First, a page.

Sodium-ion battery.

Reaction kinetics of a selenium nanotube in both sodiation and lithiation processes.

Sodium-Ion Batteries May Power the Next Big Break In Tech

When researchers at Northwestern University started researching sodium-ion batteries, they had one uniform goal - find commonly abundant materials for a cheap alternative to lithium ion batteries. The depletion of lithium sources makes it essential to find alternative sources of battery power - soon.

By Puja Bhattacharjee

Researchers in the Department of Material Science and Engineering at Northwestern University are developing and testing a sodium-selenium battery. They found that sodium reacts faster and charges rapidly without losing capacity. And sodium is highly available in earth in the form of sea salts.

Lithium batteries developed in the 1980s changed the way technology works in the 21st century. Be it the laptop, cell phone or any other portable electronic device, all of them run on lithium ion batteries. Moreover, lithium batteries are light, safe, have high capacity i.e. they can store more energy and are environmentally friendly compared to previous batteries like lead acid batteries.


What is Lithium?


Lithium is a highly reactive silver-white metal which occupies the third position in the periodic table. Also, known as ‘white petroleum,’ it is abundantly found in Argentina, Bolivia and Chile, collectively known as South America’s ‘lithium triangle’. The cost of doing business in these countries is often quite high, leading to higher costs for the resulting lithium.

Decades later, with the progress in technology, there is a need for more capacity and service life in batteries. “Lithium ion batteries are 25 years old. They do not have as much energy or power density as some of the new ideas that are coming in the market,” says Prof. Vinayak Dravid, Director of the SHyNE Resource.

Moreover, lithium sources are depleting. In 2016, Credit Suisse estimated that demand for lithium could outstrip supply in 2020 by 25 percent. That’s how scientists started looking for alternative sources of battery power.

They focused on sodium which is right below lithium in the alkali metal group of the periodic table. The other metals of the group have unstable reactivity which makes them unsafe to handle.

Sulphur is the cathode material for the sodium ion battery. The sodium-sulphur combination proved to be a disadvantage because the two elements react with each other only at very high temperatures, of no use for every day electronic items which are maintained at room temperature.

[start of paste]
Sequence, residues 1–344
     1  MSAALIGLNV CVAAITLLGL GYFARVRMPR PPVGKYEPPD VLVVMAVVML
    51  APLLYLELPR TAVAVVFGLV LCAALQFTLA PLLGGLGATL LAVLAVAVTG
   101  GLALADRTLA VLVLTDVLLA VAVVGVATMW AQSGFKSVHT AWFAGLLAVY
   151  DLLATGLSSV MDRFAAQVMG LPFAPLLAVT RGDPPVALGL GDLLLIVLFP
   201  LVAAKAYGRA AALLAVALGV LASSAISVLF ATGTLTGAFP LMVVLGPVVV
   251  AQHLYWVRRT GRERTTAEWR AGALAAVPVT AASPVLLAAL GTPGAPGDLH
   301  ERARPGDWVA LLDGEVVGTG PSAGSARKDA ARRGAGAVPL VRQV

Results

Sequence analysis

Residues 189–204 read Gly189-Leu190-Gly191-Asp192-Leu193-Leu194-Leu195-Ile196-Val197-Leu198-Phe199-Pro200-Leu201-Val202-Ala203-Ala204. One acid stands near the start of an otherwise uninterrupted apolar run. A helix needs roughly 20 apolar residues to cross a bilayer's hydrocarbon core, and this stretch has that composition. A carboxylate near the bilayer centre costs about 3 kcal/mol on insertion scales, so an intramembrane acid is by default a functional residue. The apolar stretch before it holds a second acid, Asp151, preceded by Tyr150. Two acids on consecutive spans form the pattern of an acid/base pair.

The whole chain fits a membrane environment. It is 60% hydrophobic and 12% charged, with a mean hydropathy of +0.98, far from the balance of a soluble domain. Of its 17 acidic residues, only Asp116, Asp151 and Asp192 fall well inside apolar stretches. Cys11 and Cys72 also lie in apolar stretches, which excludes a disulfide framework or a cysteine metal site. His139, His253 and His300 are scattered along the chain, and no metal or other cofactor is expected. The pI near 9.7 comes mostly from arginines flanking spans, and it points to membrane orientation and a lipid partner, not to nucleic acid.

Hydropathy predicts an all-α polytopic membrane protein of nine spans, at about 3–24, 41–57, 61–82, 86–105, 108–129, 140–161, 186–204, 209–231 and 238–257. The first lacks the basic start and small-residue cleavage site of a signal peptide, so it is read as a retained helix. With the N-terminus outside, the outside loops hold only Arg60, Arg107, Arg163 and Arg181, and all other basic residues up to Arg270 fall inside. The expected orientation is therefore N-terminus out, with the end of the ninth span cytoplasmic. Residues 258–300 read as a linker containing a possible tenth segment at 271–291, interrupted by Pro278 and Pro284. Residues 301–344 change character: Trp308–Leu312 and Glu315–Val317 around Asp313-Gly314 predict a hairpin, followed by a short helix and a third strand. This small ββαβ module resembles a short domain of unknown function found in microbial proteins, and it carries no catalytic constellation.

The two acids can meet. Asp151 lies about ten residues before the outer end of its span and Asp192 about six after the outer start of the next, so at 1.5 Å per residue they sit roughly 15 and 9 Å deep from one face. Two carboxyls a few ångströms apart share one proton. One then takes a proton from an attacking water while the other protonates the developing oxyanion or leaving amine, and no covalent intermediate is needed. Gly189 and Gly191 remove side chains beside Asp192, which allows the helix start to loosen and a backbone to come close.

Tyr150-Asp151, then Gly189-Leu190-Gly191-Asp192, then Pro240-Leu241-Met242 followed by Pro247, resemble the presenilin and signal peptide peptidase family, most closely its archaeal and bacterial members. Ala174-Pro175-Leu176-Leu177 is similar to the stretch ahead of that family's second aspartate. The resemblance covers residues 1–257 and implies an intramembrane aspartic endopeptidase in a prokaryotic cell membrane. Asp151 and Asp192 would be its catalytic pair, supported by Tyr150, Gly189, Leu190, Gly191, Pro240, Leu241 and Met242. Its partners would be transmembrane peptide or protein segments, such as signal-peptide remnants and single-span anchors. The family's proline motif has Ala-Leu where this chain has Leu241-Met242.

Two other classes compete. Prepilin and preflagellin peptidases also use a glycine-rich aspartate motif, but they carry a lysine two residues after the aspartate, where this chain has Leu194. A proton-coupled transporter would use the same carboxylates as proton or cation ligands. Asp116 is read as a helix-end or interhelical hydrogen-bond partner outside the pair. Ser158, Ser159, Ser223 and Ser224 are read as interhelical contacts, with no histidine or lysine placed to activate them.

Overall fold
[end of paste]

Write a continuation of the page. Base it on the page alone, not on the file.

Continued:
Researchers then selected selenium as the cathode material for a sodium ion battery. Selenium can react with sodium at room temperature.


How and what did the researchers study?


Researchers synthesized selenium nanotubes and used one as the cathode material for a nano battery. The nano battery was placed inside the transmission electron microscope (TEM), located at NUANCE, one of the centers of the SHyNE Resource at Northwestern University. They observed the reaction between selenium and sodium during the process of charging the battery. By studying the reaction, the researchers found that the battery had high chargeability. This observation made selenium a promising cathode material.

The next challenge is to substitute selenium with something much cheaper. “The idea behind this research was to demonstrate [feasibility] and that’s how typically science innovation works,” adds Dravid. Science is about creativity without too much concern over cost, he says. The team’s next step is to take the scientific breakthrough and tailor it in a way that it would yield a cost-effective high functioning battery.

“We are now looking for a material which has intermediate phases (with high) conductivity. We will explore other materials which can function just like selenium to reduce the cost,” says Dravid.

Since selenium is expensive, alternate anode materials must be explored. One method being explored is to “dope” sulphur with selenium, creating an alloy, says researcher Qianqian Li, a postdoctoral research associate, NUANCE Center.